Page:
Overall satisfaction


Acquired: Breeder,
Bred invertebrate myself

Gender: N/A





Easy to handle




Easy to keep






Your reptile's new favourite food



Posted Apr 29, 2014

We invested in Dubia roaches because we were tired of using crickets as feeders for our bearded dragons. I can't say enough about how much I hated using crickets, and Dubias were a life saver. After an initial investment in 12 adult females and 10 males, it only took about 2 months to have a thriving colony.
When you look at the initial cost of starting a Dubia colony, it seems to be a bit of shock. I know it was approximately $70 for 22 "bugs," and that was a shock. However, seeing as we were spending about $12 a week on the horrible crickets and that was only going to increase, it makes sense in the long run. You take a couple of months of what you would spend on your regular feeder insects as an investment and in that amount of time, you have "free food." By the time we had them for about a year, there were thousands of roaches of all ages in our colony and we basically had to do nothing to maintain it.
To set up the colony, we got a large plastic tub and cut a square hole in the top. We duct taped a screen into that hole so that the roaches would have clean air and would be able to see the light. Though the roaches prefer the dark, we discovered that they wouldn't breed properly unless they had a proper circadian rhythm which required us to turn the light on and off for regular periods throughout the day. We glued together several cardboard egg flats from Costco and put them in the tote so that the roaches would have places to hide. We also got 2 small animal food dishes for the roaches' food and water crystals. Note: we did not use regular water because the babies tend to drown. Instead we purchased these crystals that would hold several times their weight in water.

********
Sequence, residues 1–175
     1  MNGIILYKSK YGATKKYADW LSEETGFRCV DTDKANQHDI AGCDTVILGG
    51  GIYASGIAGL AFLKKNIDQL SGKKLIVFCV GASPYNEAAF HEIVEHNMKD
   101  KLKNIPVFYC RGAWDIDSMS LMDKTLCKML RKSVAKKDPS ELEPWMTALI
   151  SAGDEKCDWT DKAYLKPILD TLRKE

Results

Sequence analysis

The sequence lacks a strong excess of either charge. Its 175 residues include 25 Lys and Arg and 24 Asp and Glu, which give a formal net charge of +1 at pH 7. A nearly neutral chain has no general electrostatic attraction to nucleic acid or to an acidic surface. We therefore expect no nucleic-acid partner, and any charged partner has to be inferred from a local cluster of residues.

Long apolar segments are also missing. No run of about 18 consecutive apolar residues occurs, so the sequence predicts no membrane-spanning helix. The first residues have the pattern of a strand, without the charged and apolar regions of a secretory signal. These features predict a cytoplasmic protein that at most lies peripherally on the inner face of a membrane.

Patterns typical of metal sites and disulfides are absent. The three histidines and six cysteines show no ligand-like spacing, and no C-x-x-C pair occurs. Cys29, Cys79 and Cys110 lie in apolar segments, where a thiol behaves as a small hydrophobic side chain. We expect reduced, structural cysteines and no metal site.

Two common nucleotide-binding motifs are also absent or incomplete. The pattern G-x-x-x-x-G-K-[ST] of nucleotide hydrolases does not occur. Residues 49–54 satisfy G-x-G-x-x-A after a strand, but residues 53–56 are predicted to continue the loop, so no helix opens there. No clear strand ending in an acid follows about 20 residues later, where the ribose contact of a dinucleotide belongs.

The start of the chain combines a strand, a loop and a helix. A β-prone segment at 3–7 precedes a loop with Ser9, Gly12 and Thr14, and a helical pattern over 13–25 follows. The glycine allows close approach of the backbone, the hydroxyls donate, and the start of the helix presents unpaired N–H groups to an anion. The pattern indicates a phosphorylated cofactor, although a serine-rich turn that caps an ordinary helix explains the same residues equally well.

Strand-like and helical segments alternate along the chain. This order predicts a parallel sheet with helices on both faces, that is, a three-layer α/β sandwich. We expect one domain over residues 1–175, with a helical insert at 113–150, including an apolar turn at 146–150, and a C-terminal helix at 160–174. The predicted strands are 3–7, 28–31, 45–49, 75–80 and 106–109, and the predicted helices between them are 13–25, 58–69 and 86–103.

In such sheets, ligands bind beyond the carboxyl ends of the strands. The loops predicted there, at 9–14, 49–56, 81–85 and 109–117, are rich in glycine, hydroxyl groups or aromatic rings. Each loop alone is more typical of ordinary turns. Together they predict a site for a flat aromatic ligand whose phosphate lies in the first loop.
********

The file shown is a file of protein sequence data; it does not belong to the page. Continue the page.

The company from which we purchased the starter colony gave us some "roach food" which was basically cat food that had been put through a food processor. We used that until it was gone, then we just started putting our left over vegetables in. For example, if we used a head of romaine, the outer leaves and core got tossed to the roaches. We'd put carrot peels, banana peels, onion skins, anything vegetative that we didn't use in their tote and they loved it! After we started feeding the roaches "real" food, their breeding increased exponentially.
One thing about the roaches that my mother was afraid of was their smell, but we rapidly discovered there was nothing to worry about. At their worst, the roach box smelled like damp earth. Sometimes, if we gave them too many vegetables, there would be a slight rotten smell, but that was easily fixed. I quite enjoyed their smell.
As far as a "pet" I wouldn't rank these guys. They're not interesting to look at like Madagascar Hissing Roaches, and they like to hide - a lot. Basically, this isn't a pet, this is food. However, as food, I can say our bearded dragons liked them much more than crickets and they had none of the negative drawbacks that crickets did. I highly recommend them for anyone who is looking for some lizard food!

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